Staff, Students, and Associates

Dr Ken Newman
Principal Researcher in Statistical Methodology


Biomathematics and Statistics Scotland
JCMB, The King's Buildings,
Peter Guthrie Tait Road,
EDINBURGH, EH9 3FD, Scotland, UK

Tel: +44 (0)7899 675 993
Detailed Website:
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Statistical Methodology Theme Group Meetings

  1. Luigi Spezia (31 July 2020): Markov switching model with time varying covariates
  2. Graham Horgan (6 August 2020): Multiple weight time series with missing data
  3. Nick Schurch (20 August 2020): Longterm memory network nodes for time series modelling
  4. Adam Butler (27 August 2020): To impute or not to impute
  5. Jackie Potts (3 September 2020): Multiple testing
  6. Ken Newman (10 September 2020): Questions about "spatial" covariance matrices
  7. Zhou Fang (24 September 2020): Modelling aphids
  8. Adrian Roberts (15 October 2020): Variance estimation with a pooled sample?
  9. Adam Butler ((29 October 2020); TBD

Research Interests and Areas of Application

I coordinate BioSS research in the Statistical Methodology Research Theme. In this Theme, we develop and advance statistical methods for data collection and analysis to help answer challenging and wide-ranging scientific questions related to agriculture and the rural economy, the environment, food and health. Some methods and areas of current focus include:

  • modelling spatial-temporal processes, e.g., concentrations of pollutants in a river network over time, using tools like multivariate hidden Markov models;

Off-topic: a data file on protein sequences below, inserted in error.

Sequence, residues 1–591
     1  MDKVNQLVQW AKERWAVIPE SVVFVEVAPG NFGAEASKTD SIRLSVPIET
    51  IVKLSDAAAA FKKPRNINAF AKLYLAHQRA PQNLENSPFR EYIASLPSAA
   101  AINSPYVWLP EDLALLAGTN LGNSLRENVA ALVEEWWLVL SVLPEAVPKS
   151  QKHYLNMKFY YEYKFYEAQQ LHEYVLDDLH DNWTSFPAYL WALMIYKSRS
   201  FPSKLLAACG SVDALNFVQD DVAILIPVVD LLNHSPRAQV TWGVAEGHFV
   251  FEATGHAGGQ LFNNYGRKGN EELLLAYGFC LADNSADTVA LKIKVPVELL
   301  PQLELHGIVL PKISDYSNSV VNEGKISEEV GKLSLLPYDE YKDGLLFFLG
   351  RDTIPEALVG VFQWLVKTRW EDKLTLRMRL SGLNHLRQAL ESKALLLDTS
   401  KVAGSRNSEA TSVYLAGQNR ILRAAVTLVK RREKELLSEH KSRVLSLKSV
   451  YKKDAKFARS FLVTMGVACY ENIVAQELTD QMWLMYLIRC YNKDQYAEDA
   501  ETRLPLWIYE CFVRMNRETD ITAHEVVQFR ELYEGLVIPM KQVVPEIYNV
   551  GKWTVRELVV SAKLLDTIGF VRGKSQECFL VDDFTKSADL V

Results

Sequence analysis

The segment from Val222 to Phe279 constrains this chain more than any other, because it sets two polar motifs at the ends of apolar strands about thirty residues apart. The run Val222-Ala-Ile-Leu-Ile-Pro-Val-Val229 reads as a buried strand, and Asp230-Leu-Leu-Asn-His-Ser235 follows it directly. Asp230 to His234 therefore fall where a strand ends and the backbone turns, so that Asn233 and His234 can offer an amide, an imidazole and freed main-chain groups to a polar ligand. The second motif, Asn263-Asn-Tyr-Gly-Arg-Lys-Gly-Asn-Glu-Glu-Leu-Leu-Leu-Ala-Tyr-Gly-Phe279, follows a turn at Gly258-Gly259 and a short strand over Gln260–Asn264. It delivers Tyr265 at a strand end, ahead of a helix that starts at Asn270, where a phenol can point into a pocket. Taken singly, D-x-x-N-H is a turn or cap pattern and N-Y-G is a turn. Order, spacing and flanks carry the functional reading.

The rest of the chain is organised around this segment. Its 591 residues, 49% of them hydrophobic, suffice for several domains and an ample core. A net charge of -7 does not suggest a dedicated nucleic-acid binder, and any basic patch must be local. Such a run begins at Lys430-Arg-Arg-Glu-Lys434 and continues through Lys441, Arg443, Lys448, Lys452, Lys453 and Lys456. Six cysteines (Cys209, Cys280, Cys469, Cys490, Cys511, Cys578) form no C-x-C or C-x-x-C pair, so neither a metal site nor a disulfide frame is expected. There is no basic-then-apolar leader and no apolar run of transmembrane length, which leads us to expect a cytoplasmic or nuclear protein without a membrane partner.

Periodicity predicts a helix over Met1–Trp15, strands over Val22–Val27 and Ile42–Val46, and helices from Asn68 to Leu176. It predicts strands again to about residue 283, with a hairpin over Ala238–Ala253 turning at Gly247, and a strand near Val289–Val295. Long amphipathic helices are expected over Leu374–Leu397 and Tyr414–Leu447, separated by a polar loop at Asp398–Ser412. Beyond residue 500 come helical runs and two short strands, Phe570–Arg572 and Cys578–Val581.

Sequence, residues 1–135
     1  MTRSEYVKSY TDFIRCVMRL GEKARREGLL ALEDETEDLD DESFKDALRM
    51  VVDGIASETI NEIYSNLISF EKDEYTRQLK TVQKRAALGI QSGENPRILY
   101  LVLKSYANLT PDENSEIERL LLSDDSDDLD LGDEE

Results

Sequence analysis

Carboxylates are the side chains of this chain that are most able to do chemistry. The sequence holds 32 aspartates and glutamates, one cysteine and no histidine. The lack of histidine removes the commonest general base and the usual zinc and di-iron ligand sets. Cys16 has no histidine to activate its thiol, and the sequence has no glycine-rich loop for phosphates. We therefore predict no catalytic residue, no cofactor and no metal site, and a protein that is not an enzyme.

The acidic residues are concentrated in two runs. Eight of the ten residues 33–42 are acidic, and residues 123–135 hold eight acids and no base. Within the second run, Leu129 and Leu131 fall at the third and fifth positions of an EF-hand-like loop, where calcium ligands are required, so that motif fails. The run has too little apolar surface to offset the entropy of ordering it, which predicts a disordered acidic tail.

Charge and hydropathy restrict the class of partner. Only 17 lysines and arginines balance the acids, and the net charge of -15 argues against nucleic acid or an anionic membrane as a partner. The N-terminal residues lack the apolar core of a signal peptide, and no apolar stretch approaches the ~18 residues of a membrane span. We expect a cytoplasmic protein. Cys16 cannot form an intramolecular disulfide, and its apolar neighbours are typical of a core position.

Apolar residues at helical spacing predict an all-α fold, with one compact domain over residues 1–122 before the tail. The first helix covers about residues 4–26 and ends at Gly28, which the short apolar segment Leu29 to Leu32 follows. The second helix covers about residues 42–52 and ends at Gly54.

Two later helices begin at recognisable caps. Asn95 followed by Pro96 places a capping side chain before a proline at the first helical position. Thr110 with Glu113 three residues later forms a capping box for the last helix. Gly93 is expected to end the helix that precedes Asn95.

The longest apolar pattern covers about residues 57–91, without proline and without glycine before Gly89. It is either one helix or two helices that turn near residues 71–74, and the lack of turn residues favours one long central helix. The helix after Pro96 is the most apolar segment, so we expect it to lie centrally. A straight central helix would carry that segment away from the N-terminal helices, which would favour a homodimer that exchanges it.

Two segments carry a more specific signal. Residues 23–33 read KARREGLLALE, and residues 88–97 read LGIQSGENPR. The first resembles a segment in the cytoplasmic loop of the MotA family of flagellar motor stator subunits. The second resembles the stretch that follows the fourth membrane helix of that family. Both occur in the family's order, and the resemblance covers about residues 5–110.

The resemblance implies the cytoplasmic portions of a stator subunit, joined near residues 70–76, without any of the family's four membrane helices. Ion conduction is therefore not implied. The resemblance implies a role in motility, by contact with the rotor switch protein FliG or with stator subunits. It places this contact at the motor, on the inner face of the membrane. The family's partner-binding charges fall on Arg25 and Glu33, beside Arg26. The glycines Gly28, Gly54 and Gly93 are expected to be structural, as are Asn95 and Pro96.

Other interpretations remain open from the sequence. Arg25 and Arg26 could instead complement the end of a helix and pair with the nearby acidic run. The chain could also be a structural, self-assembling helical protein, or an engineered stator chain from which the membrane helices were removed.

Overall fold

• analysis and modelling of compositional data; that is, data carrying relative information, e.g., concentrations of chemical elements in soil samples, relative species abundances, time use patterns;
  • design and analysis of ordinal data arising from socio-economic applications, e.g., using latent class models and extensions of ordinal regression;
  • developing statistical emulators that can be used as approximations to complex, computationally demanding mechanistic and deterministic models, e.g., predicting nitrate levels in water and soil.

My main area of personal research interest is state-space models in particular, and hierarchical models in general. This includes developing procedures for combining multiple data sets that provide separate information about different processes, such as (in a population dynamics context) survival, reproduction, and movement, the process of combination leading to what is sometimes referred to as an integrated analysis. Given such models, I am also interested in developing decision-support tools for domain-specific researchers and resource managers to use such models to do things like predict the long-term effects of management actions on some resource.

Statistical analyses are limited by the quality of data available, hence I have a long-standing interest in statistical sampling theory and methods. This includes methods for sampling spatially-referenced populations and the design and implementation of long-term monitoring programs for determining status and trends in ecological systems.

In general I'm very interested in collaborative interdisciplinary science projects where sound statistical practices are central and where statistical methodology needs to be tailored or expanded upon to better achieve project aims. My strongest application area is population modelling, including heavily managed populations of economic importance. I am also interested in a much broader sphere of activities including the development of hierarchical models for other dynamic natural systems such as agricultural crop growth and yield, plant growth, and hydrology.